Rhinoptera bonasus is currently categorized as vulnerable (VU) (Carlson et al., 2020a) by the IUCN red list, as it undergoes significant fishing pressures, often captured as bycatch in trawling fisheries (beach seine, simple and double trawling) and gillnets (Fisher et al., 2013), however, due to the high morphological similarity with the vulnerable Brazilian cownose ray Rhinoptera brasiliensis Müller, 1836 (Carlson et al., 2020b), as a result, fishing indices off the coast of Brazil may be flawed.

Notably, despite the wide geographic distribution of R. bonasus, a lack of information concerning the genetic population diversity of this species is noted. Effective conservation of threatened species requires accurate taxonomic classification, information on their life histories, distribution and genetic diversity information (Moyle et al., 2013), which is paramount for the development of regulatory programs assisting in the recovery of endangered species (Sellas et al., 2015).

In this context, considering the significant deficiency of molecular data available for R. bonasus, the present study aimed to describe the genetic diversity of this species, for three Brazilian ecoregions, the Amazon (Pará – PA), Northeastern (Pernambuco – PE) and Southeastern (Rio de Janeiro – RJ; São Paulo – SP and Santa Catarina – SC) ecorregions, through five microsatellite nuclear markers, thereby, testing the (1) panmixia hypothesis for Brazilian ecoregions and (2) test the in order to assess the natal philopatry potential of the species in the southwestern Atlantic Ocean.

Material and methods

The specimens analyzed in this study were obtained by professional fishers or donation from other researchers from five states of Brazil, defined for ecoregions based in Spalding et al. (2007) and Bernardino et al. (2015), South Western Atlantic region, from Amazonic ecoregion (Pará – PA), Northeastern ecoregion (Pernambuco – PE), and Southeastern ecoregion (Rio de Janeiro – RJ, São Paulo – SP and Santa Catarina – SC) (Fig. 1). The samples collected by artisanal fishers, a small fragment of muscle tissue was removed from each individual and preserved in of muscle tissue (~1.0 cm3) were extracted and deposited in the collection of the UNESP Laboratory of Fish Biology and Genetics (LBGP) in Botucatu, São Paulo, Brazil and preserved in 96% ethanol at -18°C (Tab. S1).

FIGURE 1 | Map of sampling sites of Rhinoptera bonasus in the Brazilian coast. South Western Atlantic region, from Amazonic ecoregion (Pará – PA), Northeastern ecoregion (Pernambuco – PE), and Southeastern ecoregion (Rio de Janeiro – RJ, São Paulo – SP and Santa Catarina – SC). Numbers in parenthesis indicate number of samples. Red markers illustrate nursery regions described for rays species (Yokota, Lessa, 2006; Feitosa et al., 2017; Rangel et al., 2018; Silva, Vianna, 2018).

Total DNA was extracted from muscle tissues following the protocol proposed by Ivanova et al. (2006). Polymerase Chain Reactions (PCR) were performed in a thermocycler (Applied Biosystems) following the protocol proposed by McDowell, Fisher (2013). Fragment analysis was performed using an ABI 3130X1 Genetic Analyzer sequencer (Applied BiosystemsTM), and genotyping was done with the program Genemapper v. 4.0 (Applied Biosystems, Foster City CA, USA).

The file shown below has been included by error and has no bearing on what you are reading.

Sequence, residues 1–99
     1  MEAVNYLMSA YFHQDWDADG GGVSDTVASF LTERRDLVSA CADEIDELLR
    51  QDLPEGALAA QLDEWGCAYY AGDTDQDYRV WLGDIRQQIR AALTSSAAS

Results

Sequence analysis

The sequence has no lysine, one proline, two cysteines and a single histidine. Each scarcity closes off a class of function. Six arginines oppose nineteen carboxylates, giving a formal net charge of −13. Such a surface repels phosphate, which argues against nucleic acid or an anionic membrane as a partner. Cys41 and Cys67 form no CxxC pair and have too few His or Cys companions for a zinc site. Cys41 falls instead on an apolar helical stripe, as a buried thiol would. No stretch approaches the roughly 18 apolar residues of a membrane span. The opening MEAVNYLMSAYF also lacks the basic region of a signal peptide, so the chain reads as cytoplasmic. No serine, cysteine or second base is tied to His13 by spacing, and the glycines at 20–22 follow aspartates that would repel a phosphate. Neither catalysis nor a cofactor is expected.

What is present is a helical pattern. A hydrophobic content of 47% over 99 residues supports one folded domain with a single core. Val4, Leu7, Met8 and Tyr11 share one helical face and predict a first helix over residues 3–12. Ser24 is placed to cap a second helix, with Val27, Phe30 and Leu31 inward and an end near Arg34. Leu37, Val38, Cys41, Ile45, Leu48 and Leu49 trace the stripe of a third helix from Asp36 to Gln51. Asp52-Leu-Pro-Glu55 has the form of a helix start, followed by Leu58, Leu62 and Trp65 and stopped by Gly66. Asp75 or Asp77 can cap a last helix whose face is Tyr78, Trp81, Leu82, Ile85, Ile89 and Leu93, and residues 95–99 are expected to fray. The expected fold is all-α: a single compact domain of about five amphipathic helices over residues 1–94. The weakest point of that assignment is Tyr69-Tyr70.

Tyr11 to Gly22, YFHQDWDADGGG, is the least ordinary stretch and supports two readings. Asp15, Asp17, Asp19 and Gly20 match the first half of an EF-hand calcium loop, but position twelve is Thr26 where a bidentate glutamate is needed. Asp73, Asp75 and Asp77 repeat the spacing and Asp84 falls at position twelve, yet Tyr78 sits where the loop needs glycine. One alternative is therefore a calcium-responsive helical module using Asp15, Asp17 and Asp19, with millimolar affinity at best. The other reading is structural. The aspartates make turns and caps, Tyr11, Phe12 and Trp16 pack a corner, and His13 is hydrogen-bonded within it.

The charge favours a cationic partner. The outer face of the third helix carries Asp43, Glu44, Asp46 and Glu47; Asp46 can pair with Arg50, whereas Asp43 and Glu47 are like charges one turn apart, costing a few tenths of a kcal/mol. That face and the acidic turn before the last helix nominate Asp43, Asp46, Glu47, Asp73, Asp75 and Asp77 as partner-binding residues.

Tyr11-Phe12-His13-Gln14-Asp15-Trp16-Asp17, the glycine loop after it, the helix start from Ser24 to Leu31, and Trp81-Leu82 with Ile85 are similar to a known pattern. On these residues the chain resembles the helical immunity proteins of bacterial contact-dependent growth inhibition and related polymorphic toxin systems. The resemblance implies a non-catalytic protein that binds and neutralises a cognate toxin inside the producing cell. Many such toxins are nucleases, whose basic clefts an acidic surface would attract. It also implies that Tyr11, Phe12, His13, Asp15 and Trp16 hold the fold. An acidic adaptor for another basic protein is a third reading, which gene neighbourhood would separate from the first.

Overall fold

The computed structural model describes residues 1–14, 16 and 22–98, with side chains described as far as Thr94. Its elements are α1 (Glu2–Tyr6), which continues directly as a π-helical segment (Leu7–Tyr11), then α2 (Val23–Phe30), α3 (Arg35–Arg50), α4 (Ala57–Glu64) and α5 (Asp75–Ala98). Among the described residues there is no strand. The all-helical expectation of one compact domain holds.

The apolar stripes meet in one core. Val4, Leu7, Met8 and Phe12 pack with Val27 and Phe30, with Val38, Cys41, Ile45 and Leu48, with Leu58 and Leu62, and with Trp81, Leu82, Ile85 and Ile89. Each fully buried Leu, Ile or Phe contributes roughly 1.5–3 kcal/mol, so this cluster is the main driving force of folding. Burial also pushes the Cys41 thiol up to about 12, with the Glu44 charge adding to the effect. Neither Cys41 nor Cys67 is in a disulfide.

The polymorphism information content (PIC) was obtained by the CERVUS v3.0 program (Marshall et al., 1998). Analyzes for estimating the observed heterozygosity (HO), expected heterozygosity (HE), number of alleles per locus (A), number of private alleles (Ap), inbreeding coefficient (FIS), total genetic diversity (FIT) and the Hardy-Weinberg Equilibrium (HWE) were performed using the GENEALEX v6.5 (Peakall, Smouse, 2012). We calculated the same estimates average (number of alleles and number of private alleles per locus), using rarefaction in order to account for differences in sample size using the HP-Rare program (Kalinowski, 2005).

 Linkage disequilibrium was tested between all pairs of loci with 10,000 permutations, using the GENEPOP 4.2 (Rousset, 2008). Contemporary effective population size (Ne) was estimated with NeESTIMATOR v2 (Do et al., 2014), using the linkage disequilibrium-based and the molecular coancestry methods based on the microsatellite data.

Pairwise FST (Weir, Cockerham, 1984) and RST (Slatkin, 1995; Gemmell et al., 1997) values were estimated among all populations within species to determine the degree of genetic differentiation using ARLEQUIN 3.5 (Excoffier, Lischer, 2010). The statistical significance index was determined by non-parametric testing with 10,000 permutations (Excoffier, Lischer, 2010). In addition, a hierarchical Analysis of Molecular Variance (AMOVA) (Excoffier et al., 1992) was conducted to examine the genetic diversity within and among populations using Arlequin 3.5 (Excoffier, Lischer, 2010) and the statistical significance was assessed using 10,000 permutations. Eight distinct scenarios of population structure of Rhinoptera bonasus were tested according to different locations analyzed, grouped into scenario one: (SC + SP + RJ + PE) vs. (PA), scenario two: (SC + SP + RJ) vs. (PE + PA), scenario three: (SC + SP + RJ) vs. PE vs. PA, scenario four: (SC + SP) vs. RJ vs. (PE + PA), scenario five: (SC + SP) vs. RJ vs. PE vs. PA, scenario six: SC vs. (SP + RJ) vs. (PE + PA), scenario seven: SC vs. SP vs. RJ vs. (PE + PA) and scenario eight: SC vs. (SP + RJ) vs. PE vs. PA.